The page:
During the opening keynote address at thehere on Tuesday, Seidenberg said his company's ambitious plans to roll out fiber connections to home networks, its plan to provide a new , and an effort to deliver everything from e-mail to movie trailers on mobile phones will help drive growth for the rest of the industry. But he cautioned that regulators and government officials need to make sure the atmosphere is right for innovation to continue.
"Innovation is expanding the pie for us," he said. "But it's also expanding it for everyone else in the industry. And it's important to keep our foot on the accelerator."
Verizon has been pursuing an aggressive long-term strategy that includes a multibillion-dollar project to extendand upgrades to its wireless network. Verizon hopes to reach 3 million homes with new fiber by the end of this year.
In addition to offering high-speed data and telephone services, Verizon will use the new fiber network to deliver television service to customers.
It already has secured content deals with several providers, including NBC and A&E Television, and it plans to launch the television service later this year.
The company has also been upgrading its wireless network to handle so-called 3G technology that will allow users to access data content such as video over a wireless connection on a variety of mobile devices, including cell phones and PDAs.
While the next big wave of broadband investment isn't expected to rival the growth in the telecommunications industry of the late 1990s, it is expected to create $50 billion in consumer benefits and add another million jobs to the U.S. economy over the next several years, Seidenberg said.
As an example of how Verizon has directly impacted the growth of companies further down the food chain, he highlighted the Marlborough, Mass.-based startup Fiber Optic Network Solutions (FONS), which makes equipment to connect homes to Verizon's fiber network. Since working with Verizon, FONs has seen a 300 percent growth in sales, he said. And the company has increased its work force by 40 percent.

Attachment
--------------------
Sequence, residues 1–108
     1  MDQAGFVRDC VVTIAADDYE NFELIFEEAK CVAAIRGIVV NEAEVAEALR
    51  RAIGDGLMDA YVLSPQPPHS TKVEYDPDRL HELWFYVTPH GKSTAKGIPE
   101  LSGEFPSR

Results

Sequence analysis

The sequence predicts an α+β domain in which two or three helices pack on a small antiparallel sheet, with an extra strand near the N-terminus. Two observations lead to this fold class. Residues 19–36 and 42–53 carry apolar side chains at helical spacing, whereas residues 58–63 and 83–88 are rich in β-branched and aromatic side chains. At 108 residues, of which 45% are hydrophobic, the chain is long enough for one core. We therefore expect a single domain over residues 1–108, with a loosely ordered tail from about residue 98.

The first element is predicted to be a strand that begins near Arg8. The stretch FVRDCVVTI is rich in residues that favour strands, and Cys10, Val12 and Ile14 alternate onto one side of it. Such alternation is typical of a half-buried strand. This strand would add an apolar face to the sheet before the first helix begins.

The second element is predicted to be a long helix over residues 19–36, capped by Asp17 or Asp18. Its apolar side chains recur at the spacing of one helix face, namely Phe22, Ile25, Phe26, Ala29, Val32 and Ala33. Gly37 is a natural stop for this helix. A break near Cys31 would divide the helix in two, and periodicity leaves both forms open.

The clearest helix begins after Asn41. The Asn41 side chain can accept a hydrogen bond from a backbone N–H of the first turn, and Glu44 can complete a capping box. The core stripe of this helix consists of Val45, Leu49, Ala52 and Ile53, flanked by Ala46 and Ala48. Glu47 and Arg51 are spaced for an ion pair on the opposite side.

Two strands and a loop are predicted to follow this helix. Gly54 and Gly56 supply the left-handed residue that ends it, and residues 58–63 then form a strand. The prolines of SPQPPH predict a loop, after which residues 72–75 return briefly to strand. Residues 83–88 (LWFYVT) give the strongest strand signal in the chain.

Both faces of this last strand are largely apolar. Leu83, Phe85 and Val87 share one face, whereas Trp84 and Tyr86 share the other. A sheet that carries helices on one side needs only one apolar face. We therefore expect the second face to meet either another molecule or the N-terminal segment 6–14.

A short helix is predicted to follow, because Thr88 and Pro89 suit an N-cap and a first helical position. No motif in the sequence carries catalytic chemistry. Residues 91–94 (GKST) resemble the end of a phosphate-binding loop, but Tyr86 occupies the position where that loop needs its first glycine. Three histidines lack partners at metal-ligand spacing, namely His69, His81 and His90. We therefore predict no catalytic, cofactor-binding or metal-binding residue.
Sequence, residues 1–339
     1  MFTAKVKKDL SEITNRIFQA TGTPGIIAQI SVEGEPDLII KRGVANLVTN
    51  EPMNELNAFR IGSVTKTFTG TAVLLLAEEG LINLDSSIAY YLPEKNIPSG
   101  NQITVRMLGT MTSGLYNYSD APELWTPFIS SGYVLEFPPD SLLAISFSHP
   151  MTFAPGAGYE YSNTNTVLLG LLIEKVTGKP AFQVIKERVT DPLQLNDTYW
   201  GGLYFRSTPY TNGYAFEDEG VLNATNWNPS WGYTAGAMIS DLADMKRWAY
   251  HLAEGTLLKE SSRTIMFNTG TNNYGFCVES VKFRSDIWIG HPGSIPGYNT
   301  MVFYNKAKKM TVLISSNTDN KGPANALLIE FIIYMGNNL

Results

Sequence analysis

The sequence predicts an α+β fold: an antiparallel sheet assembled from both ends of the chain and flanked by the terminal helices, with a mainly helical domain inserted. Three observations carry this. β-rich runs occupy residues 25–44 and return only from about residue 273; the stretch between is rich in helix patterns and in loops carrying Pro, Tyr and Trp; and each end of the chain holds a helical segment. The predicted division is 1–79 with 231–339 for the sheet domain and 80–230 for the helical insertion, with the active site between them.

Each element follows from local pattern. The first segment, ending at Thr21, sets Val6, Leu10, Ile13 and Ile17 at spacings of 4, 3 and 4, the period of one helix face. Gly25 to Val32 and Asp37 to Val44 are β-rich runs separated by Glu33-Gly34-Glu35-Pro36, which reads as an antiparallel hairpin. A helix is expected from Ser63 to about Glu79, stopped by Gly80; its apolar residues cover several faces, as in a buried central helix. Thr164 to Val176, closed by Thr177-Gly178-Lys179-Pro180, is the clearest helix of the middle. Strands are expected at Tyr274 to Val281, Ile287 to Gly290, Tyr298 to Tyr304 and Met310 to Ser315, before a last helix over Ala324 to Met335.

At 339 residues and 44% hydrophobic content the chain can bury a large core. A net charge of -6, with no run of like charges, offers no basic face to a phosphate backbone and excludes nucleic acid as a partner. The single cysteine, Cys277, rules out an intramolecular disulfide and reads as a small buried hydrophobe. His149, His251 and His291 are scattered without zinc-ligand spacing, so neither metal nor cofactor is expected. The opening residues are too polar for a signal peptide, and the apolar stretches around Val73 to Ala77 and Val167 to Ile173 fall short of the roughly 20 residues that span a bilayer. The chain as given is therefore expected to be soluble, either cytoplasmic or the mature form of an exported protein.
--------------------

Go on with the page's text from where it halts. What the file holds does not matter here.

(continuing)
But Seidenberg cautioned that, without support from state and federal regulators, innovation could be stifled. He reiterated the company's stance on obtaining local television franchises. For the past several months, Verizon has beento streamline the process for obtaining local television franchise agreements.
Currently, Verizon is required to negotiate agreements with every local government where it plans to offer television service. While obtaining agreements is not impossible, Verizon has complained that it is far too time-consuming and will delay the company's efforts to bring competition to many markets throughout the country.
Last month, the company sufferedwhen the state legislature there failed to act on a bill that would have created a statewide franchise, rather than a franchise in each community. Undeterred by this setback, Verizon is moving forward with lobbying efforts and at the same time is working to secure the franchise agreements it needs. The local phone giant so far has applied for more than 200 franchises around the country and received six. But the task ahead is daunting. New Jersey alone has more than 500 local franchises, and Verizon would have to apply for every one of them in order to cover the entire state.
In fact, the Texas lawmakers' failure to change the franchise rules threatens to severely hamper all the Bells' efforts to offer TV. It can take months, sometimes up to a year, to negotiate a single franchise, Bellsouth regulatory Vice President Hershell Abbott said in an interview. "It could take 40 years to get all the franchises, if my math is right."
Seidenberg said Verizon is not trying to dodge the rules and fees that are charged to support local services in many of these communities. The issue is more about timing.
"We would be willing to pay the franchise fees. That's not the issue," he told reporters in a question-and-answer session after the keynote. "We are willing to pay our fair share...When you are the second, third or even the fourth entrant in a market, I find it strange that we are required to file for a franchise as if we were the first in the market."
Siedenberg also emphatically denied recent cable-industry charges that Verizon is looking to offer its television service only to rich communities, forgoing deployments in poorer neighborhoods.
"Those are bogus claims," he said. "When cable goes into telephony, they don't serve all customers in the market. We would be happy to commit that we won't redline. What we're looking for is parity of entry of two industries who are becoming insurgents in the other industry."
CNET News.com's Ben Charny contributed to this report.